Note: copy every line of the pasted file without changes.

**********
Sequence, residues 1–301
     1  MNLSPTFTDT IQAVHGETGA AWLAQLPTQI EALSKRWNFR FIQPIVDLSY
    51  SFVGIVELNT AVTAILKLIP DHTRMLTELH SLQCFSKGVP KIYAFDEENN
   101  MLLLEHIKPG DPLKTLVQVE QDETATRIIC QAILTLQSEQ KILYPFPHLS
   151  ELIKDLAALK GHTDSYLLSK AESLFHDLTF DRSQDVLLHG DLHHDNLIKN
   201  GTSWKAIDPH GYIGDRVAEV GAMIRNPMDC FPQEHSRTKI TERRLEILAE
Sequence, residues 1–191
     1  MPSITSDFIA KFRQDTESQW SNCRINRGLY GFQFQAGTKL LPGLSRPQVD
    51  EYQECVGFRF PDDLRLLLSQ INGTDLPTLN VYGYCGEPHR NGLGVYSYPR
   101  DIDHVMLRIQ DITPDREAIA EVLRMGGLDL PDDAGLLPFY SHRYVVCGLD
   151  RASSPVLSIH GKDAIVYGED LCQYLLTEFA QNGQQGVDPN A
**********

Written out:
Sequence, residues 1–301
     1  MNLSPTFTDT IQAVHGETGA AWLAQLPTQI EALSKRWNFR FIQPIVDLSY
    51  SFVGIVELNT AVTAILKLIP DHTRMLTELH SLQCFSKGVP KIYAFDEENN
   101  MLLLEHIKPG DPLKTLVQVE QDETATRIIC QAILTLQSEQ KILYPFPHLS
   151  ELIKDLAALK GHTDSYLLSK AESLFHDLTF DRSQDVLLHG DLHHDNLIKN
   201  GTSWKAIDPH GYIGDRVAEV GAMIRNPMDC FPQEHSRTKI TERRLEILAE
Sequence, residues 1–191
     1  MPSITSDFIA KFRQDTESQW SNCRINRGLY GFQFQAGTKL LPGLSRPQVD
    51  EYQECVGFRF PDDLRLLLSQ INGTDLPTLN VYGYCGEPHR NGLGVYSYPR
   101  DIDHVMLRIQ DITPDREAIA EVLRMGGLDL PDDAGLLPFY SHRYVVCGLD
   151  RASSPVLSIH GKDAIVYGED LCQYLLTEFA QNGQQGVDPN A